Vintage Chinese Qilin | Dragon Crouching Tiger | Soapstone Mythical Carving | 20th Century

This mythical, hooved chimerical creature known thoughout China as Qilin, is said to appear with the imminent arrival or passing of a sage or illustrious ruler. It is a good omen thought to bring prosperity or serenity. In this instance depicted as combination of a dragon and tiger. It has a tiger’s tail and legs and four claw feet, (generally assigned to elderly nobles), with a head, horns, and thick eyelashes like a dragon. Said to represent benevolence, virtue, longevity, and order, and refers to individuals with special hidden talents reminding people to never underestimate anybody. This beautiful carving is made of a soapstone that is tricolor, (stone grey-celadon, russet and dark brown), supporting the mythological subject which is beautifully carved. Dimensions: 5-0”h x 2-0”w x 6-0”L

Historical Information —

In legend, the Qilin became tiger-like after their disappearance in real life and become a stylized representation of the dragon. Qilin generally have Chinese dragon-like features; most notably its head, with eyes having thick eyelashes, a mane that always flows upward defying gravity, a beard, and occasionally scales on the body. However the body is depicted as often being equine-like ranging from a deer or giraffe-shaped and commonly with hooves.

Dragons in China are also most commonly depicted as golden, therefore the most common depictions of Qilin are also golden, or made of a material, like soapstone or jade that have gold markings running throughout the material.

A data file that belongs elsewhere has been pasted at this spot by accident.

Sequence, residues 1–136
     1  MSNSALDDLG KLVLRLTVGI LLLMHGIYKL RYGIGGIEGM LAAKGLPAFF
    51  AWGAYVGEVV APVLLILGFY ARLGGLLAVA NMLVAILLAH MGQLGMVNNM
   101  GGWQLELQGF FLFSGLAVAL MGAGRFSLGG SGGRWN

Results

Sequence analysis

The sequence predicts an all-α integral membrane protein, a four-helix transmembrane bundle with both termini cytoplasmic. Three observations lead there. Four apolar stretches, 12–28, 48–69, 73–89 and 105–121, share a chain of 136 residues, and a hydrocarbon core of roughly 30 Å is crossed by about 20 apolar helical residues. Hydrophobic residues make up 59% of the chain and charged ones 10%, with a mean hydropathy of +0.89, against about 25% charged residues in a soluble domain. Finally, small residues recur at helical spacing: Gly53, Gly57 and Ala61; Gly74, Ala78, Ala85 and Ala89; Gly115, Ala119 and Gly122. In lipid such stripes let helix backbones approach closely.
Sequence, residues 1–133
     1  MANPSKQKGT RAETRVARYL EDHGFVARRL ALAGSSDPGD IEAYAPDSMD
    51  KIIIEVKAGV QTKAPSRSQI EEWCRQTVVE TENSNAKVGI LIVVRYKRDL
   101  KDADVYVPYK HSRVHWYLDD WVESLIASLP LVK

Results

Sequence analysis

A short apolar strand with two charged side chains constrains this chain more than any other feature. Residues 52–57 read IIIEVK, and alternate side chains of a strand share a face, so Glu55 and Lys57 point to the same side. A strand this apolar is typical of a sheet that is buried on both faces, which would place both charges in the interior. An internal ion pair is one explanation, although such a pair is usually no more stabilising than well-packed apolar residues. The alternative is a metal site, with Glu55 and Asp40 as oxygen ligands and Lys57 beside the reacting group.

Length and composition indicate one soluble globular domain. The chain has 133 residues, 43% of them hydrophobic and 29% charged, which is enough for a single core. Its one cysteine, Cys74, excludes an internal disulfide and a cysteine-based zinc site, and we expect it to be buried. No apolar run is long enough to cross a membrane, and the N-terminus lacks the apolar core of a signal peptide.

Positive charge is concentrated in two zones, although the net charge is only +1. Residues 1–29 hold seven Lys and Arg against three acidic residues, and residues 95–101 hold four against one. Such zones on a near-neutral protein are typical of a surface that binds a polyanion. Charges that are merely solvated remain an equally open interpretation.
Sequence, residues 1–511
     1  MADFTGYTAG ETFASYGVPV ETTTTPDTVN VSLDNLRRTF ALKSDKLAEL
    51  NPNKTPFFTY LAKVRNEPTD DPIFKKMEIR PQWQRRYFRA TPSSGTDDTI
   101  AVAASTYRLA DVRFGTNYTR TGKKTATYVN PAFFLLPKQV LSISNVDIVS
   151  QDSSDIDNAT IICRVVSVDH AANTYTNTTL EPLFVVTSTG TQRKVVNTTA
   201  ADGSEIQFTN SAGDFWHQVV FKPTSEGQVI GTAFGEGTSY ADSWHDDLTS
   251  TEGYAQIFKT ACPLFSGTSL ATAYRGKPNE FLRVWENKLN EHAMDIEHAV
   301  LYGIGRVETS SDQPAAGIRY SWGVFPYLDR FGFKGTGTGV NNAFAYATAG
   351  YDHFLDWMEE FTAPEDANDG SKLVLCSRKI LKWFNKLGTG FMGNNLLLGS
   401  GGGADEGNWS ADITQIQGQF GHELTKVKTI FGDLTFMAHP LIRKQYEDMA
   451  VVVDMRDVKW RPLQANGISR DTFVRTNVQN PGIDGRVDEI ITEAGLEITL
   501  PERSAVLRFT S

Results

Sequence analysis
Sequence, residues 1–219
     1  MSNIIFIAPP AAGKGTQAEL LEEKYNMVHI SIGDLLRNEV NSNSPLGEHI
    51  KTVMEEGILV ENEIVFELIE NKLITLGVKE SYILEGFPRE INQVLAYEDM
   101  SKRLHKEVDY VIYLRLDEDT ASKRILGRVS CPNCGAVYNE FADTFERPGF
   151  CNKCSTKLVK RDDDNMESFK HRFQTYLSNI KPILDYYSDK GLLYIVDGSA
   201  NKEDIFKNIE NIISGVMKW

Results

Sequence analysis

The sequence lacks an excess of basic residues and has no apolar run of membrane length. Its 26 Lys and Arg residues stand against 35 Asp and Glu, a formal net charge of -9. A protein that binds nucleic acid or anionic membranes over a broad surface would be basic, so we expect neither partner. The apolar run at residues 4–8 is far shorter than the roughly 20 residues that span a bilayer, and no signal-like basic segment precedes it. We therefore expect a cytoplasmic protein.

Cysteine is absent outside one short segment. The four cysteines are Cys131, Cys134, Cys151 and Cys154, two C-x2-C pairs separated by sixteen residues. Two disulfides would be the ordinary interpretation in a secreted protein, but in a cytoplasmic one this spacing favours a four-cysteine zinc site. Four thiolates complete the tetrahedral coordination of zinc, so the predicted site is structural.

According to ancient Taoist lore, although it can look fearsome, the Qilin only punishes the wicked, thus there are several variations of court trails and judgements based on the Qilin divinely knowing whether you are good or evil, guilty or innocent, in ancient lore and stories. Those stories state that the Qilin is a sacred pet of the deities. Therefore, in the hierarchy of dances performed by the Chinese, the Qilin ranks high, and third only to the Dragon and Phoenix, who are the highest. Across East Asia, the Qilin is one of the four noble animals, along with the dragon, the phoenix, and the tortoise.

Soapstone is a wonderful carving material also known as steatite, a type of metamorphic rock. It has been a medium for carving for thousand of years and polishes to a beautiful patina. Many people confuse it with jade but the difference lies in the fact that Jade does not scratch easily while soapstone is much softer. Even so, finely carved soapstone pieces are highly collectable.

Comments are closed.

Site revisions and maintenance by Max Cheswick